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Ancient Hunters of the Alpena-Amberley Ridge: Archaeological Investigations beneath Lake Huron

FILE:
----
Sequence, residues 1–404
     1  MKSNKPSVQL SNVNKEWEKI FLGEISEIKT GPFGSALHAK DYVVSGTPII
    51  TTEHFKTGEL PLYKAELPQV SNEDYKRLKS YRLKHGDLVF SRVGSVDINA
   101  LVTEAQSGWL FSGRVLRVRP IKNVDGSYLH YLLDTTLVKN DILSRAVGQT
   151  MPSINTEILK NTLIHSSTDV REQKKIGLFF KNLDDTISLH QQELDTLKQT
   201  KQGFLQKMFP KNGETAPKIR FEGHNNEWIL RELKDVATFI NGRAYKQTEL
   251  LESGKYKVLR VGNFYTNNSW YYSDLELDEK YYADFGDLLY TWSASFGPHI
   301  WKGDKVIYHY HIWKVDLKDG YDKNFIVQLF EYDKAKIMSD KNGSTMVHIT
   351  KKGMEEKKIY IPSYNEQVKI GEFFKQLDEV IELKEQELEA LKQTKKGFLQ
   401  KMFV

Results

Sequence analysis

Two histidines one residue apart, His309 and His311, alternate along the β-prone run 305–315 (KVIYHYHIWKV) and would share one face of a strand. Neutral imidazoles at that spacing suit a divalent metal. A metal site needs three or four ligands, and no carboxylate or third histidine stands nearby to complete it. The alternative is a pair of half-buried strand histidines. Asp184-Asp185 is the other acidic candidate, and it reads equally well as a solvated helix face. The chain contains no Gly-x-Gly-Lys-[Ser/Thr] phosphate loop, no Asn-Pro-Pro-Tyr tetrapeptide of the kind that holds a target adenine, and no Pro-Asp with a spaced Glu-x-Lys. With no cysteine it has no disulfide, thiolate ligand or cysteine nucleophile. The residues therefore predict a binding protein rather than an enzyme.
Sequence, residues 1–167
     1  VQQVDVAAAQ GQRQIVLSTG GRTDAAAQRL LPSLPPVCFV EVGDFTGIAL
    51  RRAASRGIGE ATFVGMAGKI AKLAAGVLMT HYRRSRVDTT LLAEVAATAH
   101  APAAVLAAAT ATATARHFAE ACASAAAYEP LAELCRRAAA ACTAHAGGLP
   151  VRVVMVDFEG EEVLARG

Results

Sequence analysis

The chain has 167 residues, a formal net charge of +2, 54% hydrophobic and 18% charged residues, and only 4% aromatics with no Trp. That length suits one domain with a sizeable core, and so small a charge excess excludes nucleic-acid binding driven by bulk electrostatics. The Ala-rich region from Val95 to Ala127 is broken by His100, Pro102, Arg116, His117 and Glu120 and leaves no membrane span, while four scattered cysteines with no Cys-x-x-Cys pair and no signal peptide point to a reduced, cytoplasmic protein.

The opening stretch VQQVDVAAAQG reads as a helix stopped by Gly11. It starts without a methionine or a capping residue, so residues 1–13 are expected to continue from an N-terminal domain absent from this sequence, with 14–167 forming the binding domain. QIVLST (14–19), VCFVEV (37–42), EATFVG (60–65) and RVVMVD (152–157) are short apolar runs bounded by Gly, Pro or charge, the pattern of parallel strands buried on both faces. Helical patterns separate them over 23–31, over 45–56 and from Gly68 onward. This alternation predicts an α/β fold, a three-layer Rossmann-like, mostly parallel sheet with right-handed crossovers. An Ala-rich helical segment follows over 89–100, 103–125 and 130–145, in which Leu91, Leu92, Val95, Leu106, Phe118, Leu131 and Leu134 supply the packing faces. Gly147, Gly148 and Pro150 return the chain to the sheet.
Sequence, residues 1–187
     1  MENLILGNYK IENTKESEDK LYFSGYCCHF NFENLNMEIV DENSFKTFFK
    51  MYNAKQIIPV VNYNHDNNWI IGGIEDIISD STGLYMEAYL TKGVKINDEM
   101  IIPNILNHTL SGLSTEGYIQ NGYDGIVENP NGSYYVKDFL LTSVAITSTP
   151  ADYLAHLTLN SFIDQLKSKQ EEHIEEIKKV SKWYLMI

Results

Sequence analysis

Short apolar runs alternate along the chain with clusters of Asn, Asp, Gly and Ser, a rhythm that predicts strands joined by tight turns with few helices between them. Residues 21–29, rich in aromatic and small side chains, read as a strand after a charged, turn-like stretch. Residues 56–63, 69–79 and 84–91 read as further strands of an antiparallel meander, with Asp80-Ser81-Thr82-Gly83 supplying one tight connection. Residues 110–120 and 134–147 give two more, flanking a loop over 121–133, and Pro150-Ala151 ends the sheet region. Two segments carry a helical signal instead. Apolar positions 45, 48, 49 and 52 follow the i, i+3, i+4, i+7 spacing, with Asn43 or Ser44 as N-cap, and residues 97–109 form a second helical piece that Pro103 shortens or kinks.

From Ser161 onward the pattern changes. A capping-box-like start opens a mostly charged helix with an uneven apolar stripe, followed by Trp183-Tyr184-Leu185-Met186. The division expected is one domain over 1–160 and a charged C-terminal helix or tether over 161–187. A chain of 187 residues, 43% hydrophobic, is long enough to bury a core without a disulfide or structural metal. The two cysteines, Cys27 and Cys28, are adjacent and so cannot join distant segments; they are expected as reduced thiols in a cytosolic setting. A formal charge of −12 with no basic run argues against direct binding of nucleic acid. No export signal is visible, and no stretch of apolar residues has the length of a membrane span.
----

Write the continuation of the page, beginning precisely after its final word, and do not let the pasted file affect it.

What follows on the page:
With National Science Foundation Support, Dr. John O'Shea and a team of colleagues from the University of Michigan will conduct three seasons of archaeological field work on the Alpena-Amberley Ridge, beneath the waters of modern Lake Huron in the Great Lakes. The team brings together specialists in the use of remote operated vehicles (ROV) and autonomous underwater vehicles (AUV), underwater archaeology, and computer science in an effort to identify archaeological sites associated with early hunting groups that once inhabited the Alpena-Amberley Ridge area during the Lake Stanley low water stage. At this time, some nine thousand years ago, the ridge existed as a corridor of dry land extending from Presque Isle in Michigan to the Point Clarke region of southern Ontario. The research builds on a prior National Science Foundation supported study that identified a series of stone structures which bear a strong resemblance to hunting structured used historically in the Arctic in the pursuit of caribou. The goal of the current research effort is to confirm the human origin of these structures and to begin the process of identifying and describing the ancient human sites and associated artifacts.<br/>The Alpena-Amberley ridge holds a potential treasure trove of information relating to the early occupation of the Great Lakes. Unlike anywhere else in the region, the ancient landscape remains much as the original occupants left it. There has been no development, land clearance or farming to destroy sites, and no looting to remove important or attractive artifacts. Not only does it provide the opportunity to identify sites from a time period that is poorly known on land, it also offers the potential for the preservation of intact sites, stone constructions, and plant and animal remains that rarely are preserved in the Great Lakes region. It also will provide a laboratory in which to investigate the life ways of the early inhabitants to the Great Lakes, and particularly the transition from Paleo-Indian to Archaic patterns systems. The preserved layout and distribution of inundated sites may also provide insights into the culture and organization of these early hunters of a kind that is only rarely preserved on land.<br/><br/>Apart for the extraordinary anthropological potential of the work, the research promises a number of broader benefits. The work will provide a detailed view of the Lake Stanley era terrain and the Lake Huron lake bottom, and will yield important geological, environmental, botanical and faunal evidence from this important time period. It will also provide data on the current conditions of the mid-Lake environment, and particularly the impact of invasive species. Finally, the work brings together researchers and students from a wide range of departments and institutions, such as the Department of Naval Architecture and Marine Engineering and the Museum of Anthropology at the University of Michigan, Computer Science at Wayne State University, and archaeologists and educators from the Thunder Bay National Marine Sanctuary. The research effort represents the creative combination of existing equipment, capabilities, and expertise to address a novel new range of problems. The "cross-training" benefits of the research are shared not only among the senior investigators, but by the interdisciplinary group of graduate and undergraduate students that participate in the research.

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